【Interview】 Japan made too large concessions for the sake of reaching deal in TPP talks: farm policy expert (Oct. 7, 2015)


hattoriShinji Hattori, head of Kokusai-Nosei Kenkyusho (International Agricultural Policy Research Institute), criticized Japan for making too many concessions in the agricultural sector of the Trans-Pacific Partnership free-trade negotiations, casting doubt over whether the TPP agreement would help boost domestic farming.

The Japanese government was so eager to strike a broad agreement under the TPP scheme that it apparently failed to take a hard stance especially against the United States. As for the most controversial issue of rice, Japanese negotiators ended up allocating more import quota for U.S. rice than what was reported earlier. The negotiators should have held their ground until the last moment. The reason why they were unable to do so appears to be because Prime Minister Shinzo Abe strongly hoped to strengthen cooperation between Japan and the United States.

Under the TPP framework whose basic principle is to abolish all tariffs, Japan kept the tariffs on Japan’s five key agricultural items, although they will be reduced over the years. The government will maintain that it has managed to protect the sensitive products in line with the Diet resolutions calling for their exemption from tariff elimination negotiations. However, the important point is whether the outcome of the agreement will contribute to the sustainability of domestic agriculture. Some elements in the agreement show that it is doubtful.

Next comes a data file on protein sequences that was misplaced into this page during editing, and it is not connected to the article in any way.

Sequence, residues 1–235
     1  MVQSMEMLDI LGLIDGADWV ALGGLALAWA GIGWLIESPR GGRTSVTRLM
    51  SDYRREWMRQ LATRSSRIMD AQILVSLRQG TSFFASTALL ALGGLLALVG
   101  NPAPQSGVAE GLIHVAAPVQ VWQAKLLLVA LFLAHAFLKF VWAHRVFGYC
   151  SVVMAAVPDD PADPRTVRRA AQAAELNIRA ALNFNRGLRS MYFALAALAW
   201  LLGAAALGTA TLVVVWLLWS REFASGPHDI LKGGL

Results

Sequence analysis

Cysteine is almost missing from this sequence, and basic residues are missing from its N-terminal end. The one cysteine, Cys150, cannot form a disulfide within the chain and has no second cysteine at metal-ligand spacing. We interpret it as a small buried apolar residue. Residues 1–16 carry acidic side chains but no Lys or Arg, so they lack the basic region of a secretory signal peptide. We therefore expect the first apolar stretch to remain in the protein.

As for beef and pork, for example, tariffs will be slashed largely over the years, making it easier for cheap imports to flow into the domestic market. It is young promising farmers and succeeding farmers who will be most shocked by the tariff cuts.

Livestock breeding requires a large amount of investments, and it takes time for such investments to generate returns. If future prospects are unclear, farmers will not feel it is worth getting into debt to continue business. Same thing can be said about dairy farming, where concessions were made for some of the products. Even if a negative impact would be avoided in a short term, concerns remain over the long-term influence the agreement would have on domestic agriculture.

The government is likely to come up with various measures to support farmers ahead of the Upper House election scheduled next summer. Such measures are important, but farmers must first think carefully whether the TPP agreement really shows the government has kept the promise called on for under the Diet resolutions. In order to do so, they should also monitor how the draft of the final agreement will look like.

Interviewed by Yuji Hosoda

(Oct. 7, 2015)

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